Wednesday, 22 January 2020

LOVE AND PASSION / Singapore Lyric Opera / Review

Singapore Lyric Opera
Esplanade Recital Studio
Monday (20 January 2020)

This review was published in The Straits Times on 22 January 2020 with the title "Excellent solos, outstanding duets and ensemble pieces".

Is there any opera that is not about love and passion? Thus the title of Singapore Lyric Opera’s (SLO) latest concert seemed as superfluous as it gets. Nevertheless, one got the idea with this lovely programme of arias, duets and trios from nine operas sung in Italian and French.

SLO has recently worked with young prize-winning singers and scholarship holders, but this evening was reserved for veterans and stalwarts of the company to strut their stuff. But where were the many singing students in various institutions, conspicuous for their absence in a sparsely filled hall? Surely they could learn something or two from the likes of soprano Nancy Yuen, tenor Israel Lozano, baritone Song Kee Chang and accompanying pianist Boris Kraljevic.

It was the Spaniard Lozano, former Placido Domingo protégé, who opened the show with Questa o quella from Verdi’s Rigoletto. In this lusty aria from opera’s most infamous womaniser, the Duke of Mantua, Lozano sounded and looked the part with impressive flourishes in high registers. His other arias were from Verdi’s La Traviata and Massenet’s Werther. The latter was the unforgettable Pourquoi me reveiller, where unrequited love in spring could only lead to suicide.  

Not overshadowed was the Korean Song, whose rich and mellow tone was well suited for a bel canto aria from Bellini’s I Puritani. His portrayal of the older Germont in Di Provenza il mar (from La Traviata) also tugged on the heartstrings, as did Nimico della patria from Umberto Giordano’s Andrea Chénier. While not exactly love songs, these were however tinged with longing and regret.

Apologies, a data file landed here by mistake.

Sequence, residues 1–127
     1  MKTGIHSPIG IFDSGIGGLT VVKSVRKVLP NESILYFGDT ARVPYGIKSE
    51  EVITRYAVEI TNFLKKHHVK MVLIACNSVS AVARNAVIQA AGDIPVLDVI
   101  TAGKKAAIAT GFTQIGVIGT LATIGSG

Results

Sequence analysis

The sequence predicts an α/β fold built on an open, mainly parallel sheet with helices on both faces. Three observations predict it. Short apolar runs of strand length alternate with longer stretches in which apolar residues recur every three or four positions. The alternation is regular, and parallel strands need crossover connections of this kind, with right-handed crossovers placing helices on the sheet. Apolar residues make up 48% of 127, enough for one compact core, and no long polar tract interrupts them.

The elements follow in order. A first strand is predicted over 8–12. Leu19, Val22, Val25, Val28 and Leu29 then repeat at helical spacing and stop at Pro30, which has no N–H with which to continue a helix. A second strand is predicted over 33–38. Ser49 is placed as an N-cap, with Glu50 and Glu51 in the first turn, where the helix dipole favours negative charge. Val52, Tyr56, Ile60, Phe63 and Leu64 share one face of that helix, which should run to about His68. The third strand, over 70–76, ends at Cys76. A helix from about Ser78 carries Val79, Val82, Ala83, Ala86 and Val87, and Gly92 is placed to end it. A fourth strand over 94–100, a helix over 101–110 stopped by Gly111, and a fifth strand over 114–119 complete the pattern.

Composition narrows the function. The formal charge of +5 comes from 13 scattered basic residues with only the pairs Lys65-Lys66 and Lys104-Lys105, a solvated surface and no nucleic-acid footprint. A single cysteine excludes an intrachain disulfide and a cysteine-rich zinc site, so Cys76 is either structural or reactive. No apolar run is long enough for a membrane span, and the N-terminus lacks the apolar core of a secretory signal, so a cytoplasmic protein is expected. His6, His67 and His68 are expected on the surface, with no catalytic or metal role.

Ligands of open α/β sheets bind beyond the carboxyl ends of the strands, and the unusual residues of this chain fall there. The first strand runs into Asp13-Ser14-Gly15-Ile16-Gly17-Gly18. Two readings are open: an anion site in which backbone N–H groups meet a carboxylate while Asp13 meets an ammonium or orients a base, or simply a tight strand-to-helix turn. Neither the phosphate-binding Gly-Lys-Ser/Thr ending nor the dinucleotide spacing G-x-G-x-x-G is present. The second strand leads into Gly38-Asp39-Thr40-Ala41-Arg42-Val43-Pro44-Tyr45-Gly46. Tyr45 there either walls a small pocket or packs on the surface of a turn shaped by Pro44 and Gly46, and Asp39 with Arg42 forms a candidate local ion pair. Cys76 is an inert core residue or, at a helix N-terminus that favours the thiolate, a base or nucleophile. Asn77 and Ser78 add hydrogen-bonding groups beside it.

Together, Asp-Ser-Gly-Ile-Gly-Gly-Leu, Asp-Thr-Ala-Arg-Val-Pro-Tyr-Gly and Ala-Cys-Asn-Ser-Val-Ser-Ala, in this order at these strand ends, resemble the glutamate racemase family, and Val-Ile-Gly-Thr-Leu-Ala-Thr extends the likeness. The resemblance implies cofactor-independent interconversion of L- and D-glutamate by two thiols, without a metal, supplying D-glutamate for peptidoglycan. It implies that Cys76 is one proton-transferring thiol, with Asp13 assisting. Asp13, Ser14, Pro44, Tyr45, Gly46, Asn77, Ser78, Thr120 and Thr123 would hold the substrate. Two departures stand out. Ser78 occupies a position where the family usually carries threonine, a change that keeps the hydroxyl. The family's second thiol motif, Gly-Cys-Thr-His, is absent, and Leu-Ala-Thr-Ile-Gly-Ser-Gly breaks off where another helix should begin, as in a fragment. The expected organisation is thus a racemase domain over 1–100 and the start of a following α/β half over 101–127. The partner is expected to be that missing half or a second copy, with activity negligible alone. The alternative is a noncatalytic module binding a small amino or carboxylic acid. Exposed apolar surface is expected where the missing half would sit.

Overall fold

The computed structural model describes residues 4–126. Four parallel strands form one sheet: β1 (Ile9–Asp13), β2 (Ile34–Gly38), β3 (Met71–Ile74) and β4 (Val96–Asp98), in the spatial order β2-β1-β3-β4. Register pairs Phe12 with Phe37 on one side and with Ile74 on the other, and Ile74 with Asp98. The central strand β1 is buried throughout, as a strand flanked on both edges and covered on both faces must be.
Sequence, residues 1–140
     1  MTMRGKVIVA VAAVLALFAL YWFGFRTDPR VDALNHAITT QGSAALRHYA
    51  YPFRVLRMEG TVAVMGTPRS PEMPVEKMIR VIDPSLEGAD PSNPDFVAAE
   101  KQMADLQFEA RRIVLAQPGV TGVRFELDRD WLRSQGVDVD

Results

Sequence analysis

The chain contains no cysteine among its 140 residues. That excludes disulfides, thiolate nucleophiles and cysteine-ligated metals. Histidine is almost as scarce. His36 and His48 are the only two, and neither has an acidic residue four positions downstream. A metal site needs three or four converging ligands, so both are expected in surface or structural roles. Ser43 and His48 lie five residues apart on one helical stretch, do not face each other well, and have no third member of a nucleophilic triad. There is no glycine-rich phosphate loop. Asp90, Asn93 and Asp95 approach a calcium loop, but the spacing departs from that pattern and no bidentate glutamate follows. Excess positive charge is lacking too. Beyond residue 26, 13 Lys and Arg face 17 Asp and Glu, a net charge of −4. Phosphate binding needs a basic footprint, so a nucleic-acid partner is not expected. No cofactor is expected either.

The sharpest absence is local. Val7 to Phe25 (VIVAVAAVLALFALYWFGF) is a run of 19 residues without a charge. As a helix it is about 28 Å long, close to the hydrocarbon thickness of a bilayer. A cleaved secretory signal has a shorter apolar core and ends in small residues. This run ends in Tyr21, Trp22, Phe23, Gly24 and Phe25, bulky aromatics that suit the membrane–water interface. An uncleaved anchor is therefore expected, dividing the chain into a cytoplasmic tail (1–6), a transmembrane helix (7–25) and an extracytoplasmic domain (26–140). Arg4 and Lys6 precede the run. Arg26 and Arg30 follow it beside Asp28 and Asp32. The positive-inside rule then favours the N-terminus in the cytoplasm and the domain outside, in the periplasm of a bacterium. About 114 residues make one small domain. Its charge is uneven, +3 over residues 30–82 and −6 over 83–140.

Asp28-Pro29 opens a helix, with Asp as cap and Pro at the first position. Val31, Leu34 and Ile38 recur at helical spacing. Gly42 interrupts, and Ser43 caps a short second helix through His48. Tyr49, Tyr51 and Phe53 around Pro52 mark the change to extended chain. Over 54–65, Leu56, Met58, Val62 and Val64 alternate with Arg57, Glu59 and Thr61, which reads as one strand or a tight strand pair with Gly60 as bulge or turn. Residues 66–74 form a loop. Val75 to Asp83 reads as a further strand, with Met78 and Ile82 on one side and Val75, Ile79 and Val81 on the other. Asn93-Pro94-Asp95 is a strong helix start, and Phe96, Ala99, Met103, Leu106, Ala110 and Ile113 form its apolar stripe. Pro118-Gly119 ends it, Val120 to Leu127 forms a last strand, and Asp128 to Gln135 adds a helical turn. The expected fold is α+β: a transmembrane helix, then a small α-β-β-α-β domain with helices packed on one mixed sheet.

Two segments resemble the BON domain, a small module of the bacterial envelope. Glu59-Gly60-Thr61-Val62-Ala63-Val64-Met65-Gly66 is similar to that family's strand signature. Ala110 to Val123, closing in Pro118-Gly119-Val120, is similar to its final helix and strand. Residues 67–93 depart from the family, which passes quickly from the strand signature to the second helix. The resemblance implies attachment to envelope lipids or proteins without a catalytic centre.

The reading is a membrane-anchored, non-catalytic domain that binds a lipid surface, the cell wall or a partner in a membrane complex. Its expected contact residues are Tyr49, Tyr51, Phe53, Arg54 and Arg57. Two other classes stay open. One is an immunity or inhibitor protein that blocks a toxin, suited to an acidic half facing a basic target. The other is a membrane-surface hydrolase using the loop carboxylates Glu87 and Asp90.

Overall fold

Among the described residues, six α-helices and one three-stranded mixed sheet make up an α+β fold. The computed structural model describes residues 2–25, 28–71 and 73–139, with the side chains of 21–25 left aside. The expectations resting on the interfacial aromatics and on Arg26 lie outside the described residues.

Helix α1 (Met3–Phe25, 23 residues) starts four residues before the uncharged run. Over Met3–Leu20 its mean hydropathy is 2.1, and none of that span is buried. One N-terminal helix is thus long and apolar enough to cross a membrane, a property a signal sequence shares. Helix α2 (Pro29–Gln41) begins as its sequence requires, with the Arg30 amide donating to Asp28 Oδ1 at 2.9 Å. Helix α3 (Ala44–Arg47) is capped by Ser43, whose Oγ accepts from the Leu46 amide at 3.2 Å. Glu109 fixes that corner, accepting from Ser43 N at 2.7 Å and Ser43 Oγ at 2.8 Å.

Yuen, also SLO’s Artistic Director, regrettably sang only one aria. However nobody can scale the heights of Vissi darte from Puccini’s Tosca as effortlessly as she does in her signature role. With the absence of programme notes or printed libretti, she and Lozano introduced their numbers with brief but helpful explanations.

Good as the solos were, the duets and ensemble pieces stole the show as all three singers exhibited excellent chemistry with their blended voices. Yuen and Lozano emoted in Signor ne principe (Rigoletto) and the poignant Parigi o cara (La Traviata), which was a tearjerker.  Lozano and Song relived two of opera’s greatest bromances in In un coupe (Puccini’s La Boheme) and the familiar Au fond du temple saint from Bizet’s The Pearl Fishers. And how the room shook.

Yuen and Song accounted for a duet in La Boheme and the most unexpected treat in Te souvient-il du lumineux voyage from Massenet’s Thaïs. This is none other than a glorious reprise of the famous Meditation, with the violin’s unforgettable melody replaced with soaring voices.

The highly enjoyable concert closed with a Three Tenors-styled medley of four Neapolitan songs: O Sole Mio, Non Ti Scordar di me, Torna a Surriento and Funiculi Funicula. Two encores in Santa Lucia and Leoncavallo’s La Mattinata brought down the house and raised a standing ovation.  

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